London Friends, Paris, and Short Stories

1887–1888: Aet. 47–48
  • Florence Emily Hardy


Reaching London in April 1887, Hardy attended the annual dinner of the Royal Academy. He remarks thereon:

‘The watching presence of so many portraits gives a distinct character to this dinner.… In speaking, the Duke of Cambridge could not decide whether he had ended his speech or not, and so tagged and tagged on a bit more, and a bit more, till the sentences were like acrobats hanging down from a trapeze. Lord Salisbury’s satire was rather too serious for after-dinner. Huxley began well but ended disastrously; the Archbishop was dreary; Morley tried to look a regular dining-out man-of-the-world, but really looked what he is by nature, the student. Everybody afterwards walked about, the Prince of Wales included, remaining till 12. I spoke to a good many; was apparently unknown to a good many more I knew. At these times men do not want to talk to their equals, but to their superiors.’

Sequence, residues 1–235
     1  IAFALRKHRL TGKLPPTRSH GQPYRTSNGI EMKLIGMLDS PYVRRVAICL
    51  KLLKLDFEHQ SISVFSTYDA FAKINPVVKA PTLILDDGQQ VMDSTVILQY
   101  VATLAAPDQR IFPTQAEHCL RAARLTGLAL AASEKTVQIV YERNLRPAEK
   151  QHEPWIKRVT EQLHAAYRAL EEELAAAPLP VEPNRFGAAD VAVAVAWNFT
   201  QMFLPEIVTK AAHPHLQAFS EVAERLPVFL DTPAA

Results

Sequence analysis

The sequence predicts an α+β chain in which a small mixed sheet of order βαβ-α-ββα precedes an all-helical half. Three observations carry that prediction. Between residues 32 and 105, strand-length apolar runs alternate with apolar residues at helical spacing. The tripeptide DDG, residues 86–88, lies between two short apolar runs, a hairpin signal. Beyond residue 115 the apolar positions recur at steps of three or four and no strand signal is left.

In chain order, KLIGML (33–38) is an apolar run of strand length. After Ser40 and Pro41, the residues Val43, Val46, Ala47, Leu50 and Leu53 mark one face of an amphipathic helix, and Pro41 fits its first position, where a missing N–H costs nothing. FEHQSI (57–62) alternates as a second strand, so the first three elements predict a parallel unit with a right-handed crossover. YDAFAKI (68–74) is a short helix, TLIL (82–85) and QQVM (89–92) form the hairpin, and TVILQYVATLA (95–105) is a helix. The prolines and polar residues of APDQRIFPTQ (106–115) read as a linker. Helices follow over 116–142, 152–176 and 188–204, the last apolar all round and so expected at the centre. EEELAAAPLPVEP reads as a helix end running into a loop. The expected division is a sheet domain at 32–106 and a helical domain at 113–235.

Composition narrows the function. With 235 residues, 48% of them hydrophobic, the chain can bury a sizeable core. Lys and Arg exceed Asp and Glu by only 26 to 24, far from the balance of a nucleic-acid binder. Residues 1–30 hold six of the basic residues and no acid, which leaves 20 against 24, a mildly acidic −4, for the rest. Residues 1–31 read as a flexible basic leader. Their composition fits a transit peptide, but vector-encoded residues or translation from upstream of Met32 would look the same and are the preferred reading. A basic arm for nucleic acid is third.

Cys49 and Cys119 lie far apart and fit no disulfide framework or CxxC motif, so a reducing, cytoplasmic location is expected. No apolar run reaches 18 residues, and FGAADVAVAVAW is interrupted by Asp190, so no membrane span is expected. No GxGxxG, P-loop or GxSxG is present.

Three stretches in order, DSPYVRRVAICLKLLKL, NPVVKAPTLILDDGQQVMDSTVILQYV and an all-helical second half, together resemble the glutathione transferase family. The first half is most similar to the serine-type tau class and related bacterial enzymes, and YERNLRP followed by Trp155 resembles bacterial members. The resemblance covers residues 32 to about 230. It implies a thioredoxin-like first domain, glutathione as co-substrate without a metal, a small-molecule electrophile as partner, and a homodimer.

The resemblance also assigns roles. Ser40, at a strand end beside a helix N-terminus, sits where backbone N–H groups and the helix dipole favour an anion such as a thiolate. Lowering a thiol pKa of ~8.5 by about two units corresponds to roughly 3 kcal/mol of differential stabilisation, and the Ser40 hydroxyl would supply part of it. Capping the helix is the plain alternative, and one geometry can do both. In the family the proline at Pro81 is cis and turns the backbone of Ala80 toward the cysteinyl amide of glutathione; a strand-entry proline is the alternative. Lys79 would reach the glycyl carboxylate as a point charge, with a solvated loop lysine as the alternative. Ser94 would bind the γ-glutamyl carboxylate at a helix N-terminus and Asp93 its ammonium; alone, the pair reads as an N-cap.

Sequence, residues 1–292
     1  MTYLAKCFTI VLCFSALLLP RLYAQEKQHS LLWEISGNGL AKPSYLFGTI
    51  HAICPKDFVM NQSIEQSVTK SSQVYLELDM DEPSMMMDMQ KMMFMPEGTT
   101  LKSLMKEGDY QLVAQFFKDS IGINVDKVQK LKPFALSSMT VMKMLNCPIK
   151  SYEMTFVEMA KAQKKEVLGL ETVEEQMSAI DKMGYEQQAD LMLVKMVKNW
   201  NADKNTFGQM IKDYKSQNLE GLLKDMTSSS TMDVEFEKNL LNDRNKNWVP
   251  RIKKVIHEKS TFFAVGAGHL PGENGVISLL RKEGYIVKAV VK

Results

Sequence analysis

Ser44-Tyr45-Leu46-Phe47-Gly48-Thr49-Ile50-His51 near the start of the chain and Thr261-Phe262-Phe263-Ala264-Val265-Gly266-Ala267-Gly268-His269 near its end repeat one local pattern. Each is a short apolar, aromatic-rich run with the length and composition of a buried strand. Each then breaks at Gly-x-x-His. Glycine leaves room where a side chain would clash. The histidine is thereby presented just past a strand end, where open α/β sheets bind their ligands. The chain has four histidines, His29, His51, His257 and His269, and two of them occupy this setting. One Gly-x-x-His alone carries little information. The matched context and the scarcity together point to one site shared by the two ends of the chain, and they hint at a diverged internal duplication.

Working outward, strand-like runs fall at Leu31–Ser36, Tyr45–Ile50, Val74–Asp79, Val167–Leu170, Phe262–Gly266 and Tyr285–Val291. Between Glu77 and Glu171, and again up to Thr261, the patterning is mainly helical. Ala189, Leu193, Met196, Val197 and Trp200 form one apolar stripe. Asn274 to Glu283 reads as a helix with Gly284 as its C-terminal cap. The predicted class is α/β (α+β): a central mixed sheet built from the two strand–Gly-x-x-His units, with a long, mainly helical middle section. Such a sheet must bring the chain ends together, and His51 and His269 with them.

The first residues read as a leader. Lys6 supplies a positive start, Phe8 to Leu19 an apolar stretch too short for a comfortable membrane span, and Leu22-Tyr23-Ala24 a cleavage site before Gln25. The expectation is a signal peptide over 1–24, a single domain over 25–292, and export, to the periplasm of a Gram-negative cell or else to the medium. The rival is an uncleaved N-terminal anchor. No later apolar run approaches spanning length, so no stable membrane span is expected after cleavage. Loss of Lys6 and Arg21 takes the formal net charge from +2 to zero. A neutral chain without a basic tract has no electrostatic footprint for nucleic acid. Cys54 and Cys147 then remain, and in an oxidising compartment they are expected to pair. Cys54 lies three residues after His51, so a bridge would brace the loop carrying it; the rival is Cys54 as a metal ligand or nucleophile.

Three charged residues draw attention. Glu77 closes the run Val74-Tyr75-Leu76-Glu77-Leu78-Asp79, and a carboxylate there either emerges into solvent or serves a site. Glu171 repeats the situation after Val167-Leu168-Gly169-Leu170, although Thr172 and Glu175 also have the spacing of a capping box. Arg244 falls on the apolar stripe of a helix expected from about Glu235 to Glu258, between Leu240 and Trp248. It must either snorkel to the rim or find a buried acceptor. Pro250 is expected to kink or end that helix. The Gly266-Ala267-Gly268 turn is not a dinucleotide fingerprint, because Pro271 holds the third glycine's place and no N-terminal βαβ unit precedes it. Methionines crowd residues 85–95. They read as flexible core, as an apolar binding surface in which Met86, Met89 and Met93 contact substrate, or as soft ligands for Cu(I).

Short Story Royal Academy Paradise Lost Back Room Canterbury Tale 
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© Macmillan & Co Ltd 1962

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  • Florence Emily Hardy

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